Diabetes mellitius is better known as diabetes and is a metabolic disease. Patients with this disease have a continuously elevated blood glucose level. The disturbance of the blood sugar level is either due to insulin resistance or insulin deficiency, which in the long term can lead to damage to blood vessels and organs. The disease is divided into 3 clinical types:
- Type 1 diabetes: The patient’s pancreas produces insufficient or no endogenous insulin. Patients must continuously inject themselves with insulin to bring their elevated blood glucose levels into the normal range. This routine accompanies these patients throughout their lives. Nevertheless, this form of diabetes is less common on average.
- Type 2 diabetes: In this clinical picture, too little sugar gets from the blood into the corresponding tissue. Due to the insufficient insulin action, the concentration of sugar in the blood is too high. This leads to a lack of energy. Type 2 diabetes is the most common type of diabetes. Patients can be treated by dietary changes and exercise as well as special medication or insulin.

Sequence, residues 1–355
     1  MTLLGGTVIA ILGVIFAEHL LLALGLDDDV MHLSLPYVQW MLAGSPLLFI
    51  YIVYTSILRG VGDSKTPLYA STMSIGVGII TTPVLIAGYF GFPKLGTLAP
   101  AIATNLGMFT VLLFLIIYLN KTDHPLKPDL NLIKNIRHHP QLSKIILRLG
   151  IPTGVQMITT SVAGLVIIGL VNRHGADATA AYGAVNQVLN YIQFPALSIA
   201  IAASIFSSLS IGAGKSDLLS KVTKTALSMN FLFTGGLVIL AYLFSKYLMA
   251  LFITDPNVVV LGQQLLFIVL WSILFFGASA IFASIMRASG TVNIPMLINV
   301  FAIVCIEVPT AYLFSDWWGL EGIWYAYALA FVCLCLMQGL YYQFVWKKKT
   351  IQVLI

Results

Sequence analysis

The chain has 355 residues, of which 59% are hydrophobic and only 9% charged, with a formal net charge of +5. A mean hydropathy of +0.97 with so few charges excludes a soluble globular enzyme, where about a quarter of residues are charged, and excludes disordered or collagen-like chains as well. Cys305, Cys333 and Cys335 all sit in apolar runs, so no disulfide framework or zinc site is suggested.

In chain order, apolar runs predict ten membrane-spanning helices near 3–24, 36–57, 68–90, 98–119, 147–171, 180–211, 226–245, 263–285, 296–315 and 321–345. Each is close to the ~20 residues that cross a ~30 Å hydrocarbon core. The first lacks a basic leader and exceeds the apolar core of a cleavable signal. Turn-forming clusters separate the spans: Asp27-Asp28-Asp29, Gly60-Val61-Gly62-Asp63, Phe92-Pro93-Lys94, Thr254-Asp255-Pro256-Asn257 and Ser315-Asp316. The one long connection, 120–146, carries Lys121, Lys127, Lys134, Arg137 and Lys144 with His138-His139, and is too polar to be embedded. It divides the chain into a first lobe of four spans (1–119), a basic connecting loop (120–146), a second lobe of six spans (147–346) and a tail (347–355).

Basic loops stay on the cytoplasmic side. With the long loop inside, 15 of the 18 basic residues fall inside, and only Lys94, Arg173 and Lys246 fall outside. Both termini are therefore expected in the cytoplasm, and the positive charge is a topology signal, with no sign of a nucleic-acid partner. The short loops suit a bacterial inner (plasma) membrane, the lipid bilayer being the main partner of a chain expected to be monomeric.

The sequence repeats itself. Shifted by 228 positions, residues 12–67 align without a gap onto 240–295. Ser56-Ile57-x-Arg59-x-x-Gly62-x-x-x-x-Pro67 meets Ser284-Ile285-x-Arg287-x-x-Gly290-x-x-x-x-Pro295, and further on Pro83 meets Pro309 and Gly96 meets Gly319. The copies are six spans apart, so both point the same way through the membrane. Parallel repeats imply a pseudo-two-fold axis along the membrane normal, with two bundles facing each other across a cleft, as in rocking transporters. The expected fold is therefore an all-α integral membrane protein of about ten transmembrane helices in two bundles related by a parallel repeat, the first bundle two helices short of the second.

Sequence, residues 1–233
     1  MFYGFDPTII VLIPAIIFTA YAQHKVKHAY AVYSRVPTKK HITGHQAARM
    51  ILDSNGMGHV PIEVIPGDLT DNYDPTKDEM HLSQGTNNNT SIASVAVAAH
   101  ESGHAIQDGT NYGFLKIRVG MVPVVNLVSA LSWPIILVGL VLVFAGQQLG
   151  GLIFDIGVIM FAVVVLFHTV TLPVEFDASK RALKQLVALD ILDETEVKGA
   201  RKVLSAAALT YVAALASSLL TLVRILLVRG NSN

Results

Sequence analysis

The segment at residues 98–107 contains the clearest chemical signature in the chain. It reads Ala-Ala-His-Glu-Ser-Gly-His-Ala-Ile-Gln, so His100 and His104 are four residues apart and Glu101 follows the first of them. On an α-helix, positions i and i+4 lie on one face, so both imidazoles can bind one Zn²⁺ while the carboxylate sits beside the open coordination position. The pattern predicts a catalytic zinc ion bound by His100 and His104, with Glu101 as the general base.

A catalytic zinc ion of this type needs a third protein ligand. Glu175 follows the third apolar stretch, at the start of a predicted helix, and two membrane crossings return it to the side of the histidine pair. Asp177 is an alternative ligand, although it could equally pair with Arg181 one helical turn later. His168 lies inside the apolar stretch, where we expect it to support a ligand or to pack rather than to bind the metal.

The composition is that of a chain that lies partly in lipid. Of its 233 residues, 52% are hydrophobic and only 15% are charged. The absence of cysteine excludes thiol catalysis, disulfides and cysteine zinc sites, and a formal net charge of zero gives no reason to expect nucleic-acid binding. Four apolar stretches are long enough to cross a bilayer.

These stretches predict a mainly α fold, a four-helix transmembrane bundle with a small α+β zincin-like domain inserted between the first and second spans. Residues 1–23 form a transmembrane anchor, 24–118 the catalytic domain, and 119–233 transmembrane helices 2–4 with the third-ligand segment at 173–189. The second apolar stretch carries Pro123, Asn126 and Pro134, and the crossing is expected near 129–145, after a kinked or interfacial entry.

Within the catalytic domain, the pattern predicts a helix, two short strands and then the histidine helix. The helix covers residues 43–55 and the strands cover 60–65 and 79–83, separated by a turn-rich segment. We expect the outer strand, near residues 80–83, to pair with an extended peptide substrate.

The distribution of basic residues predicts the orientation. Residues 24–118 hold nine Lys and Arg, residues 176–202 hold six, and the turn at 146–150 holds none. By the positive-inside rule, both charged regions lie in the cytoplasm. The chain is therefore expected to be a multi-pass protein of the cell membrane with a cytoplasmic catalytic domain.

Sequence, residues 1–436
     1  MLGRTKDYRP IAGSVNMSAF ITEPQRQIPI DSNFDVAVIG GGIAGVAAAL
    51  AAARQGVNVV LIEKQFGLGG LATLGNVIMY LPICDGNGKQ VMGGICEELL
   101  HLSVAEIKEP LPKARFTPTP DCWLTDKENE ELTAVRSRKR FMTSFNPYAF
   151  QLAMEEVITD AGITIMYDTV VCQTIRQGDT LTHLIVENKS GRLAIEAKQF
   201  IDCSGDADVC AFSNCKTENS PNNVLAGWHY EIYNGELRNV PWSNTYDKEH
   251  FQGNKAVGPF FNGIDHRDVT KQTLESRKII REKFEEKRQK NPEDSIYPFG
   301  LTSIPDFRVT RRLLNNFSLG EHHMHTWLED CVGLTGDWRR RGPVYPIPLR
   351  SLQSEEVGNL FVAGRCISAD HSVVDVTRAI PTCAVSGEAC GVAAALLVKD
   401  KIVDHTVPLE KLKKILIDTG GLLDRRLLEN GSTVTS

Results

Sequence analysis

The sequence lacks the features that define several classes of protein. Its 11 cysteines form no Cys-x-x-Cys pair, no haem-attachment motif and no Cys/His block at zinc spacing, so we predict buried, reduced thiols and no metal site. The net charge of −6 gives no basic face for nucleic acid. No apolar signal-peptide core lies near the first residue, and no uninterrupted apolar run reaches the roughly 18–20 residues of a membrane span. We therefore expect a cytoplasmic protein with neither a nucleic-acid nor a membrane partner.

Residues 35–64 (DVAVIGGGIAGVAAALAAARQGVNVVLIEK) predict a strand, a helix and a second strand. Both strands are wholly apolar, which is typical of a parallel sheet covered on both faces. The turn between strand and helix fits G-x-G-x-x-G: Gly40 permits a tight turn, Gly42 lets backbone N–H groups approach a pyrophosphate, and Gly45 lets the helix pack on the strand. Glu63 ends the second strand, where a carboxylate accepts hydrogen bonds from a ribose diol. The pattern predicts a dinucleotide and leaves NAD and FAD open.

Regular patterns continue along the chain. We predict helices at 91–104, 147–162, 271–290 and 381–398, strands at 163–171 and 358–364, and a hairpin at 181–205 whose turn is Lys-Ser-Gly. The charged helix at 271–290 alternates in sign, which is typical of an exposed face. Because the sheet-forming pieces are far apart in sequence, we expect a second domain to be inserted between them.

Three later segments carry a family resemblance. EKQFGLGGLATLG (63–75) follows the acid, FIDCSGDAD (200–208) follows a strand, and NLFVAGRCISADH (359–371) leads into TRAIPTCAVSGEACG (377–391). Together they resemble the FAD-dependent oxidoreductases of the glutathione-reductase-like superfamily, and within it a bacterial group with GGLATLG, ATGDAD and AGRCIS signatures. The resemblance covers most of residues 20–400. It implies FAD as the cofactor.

- Gestational diabetes: is a concomitant disease, usually without symptoms, that occurs in many pregnant women. The change in metabolism during pregnancy can lead to excessive blood sugar, as sugar is absorbed by the body’s cells much more slowly after eating than in non-pregnant women. Gestational diabetes often occurs when women have previously had permanently reduced insulin sensitivity.
The symptoms that occur most frequently are fatigue and weakness, a strong feeling of thirst, dry skin and frequent urination. Diabetes is often caused by obesity, insufficient exercise and poor, high-fat diet. For this reason, treatment is also based in advance on a change in lifestyle, the integration of sport into everyday life and a more conscious diet. In addition, oral medication and, in advanced stages of type 2 diabetes, insulin injections can also be used to counteract this.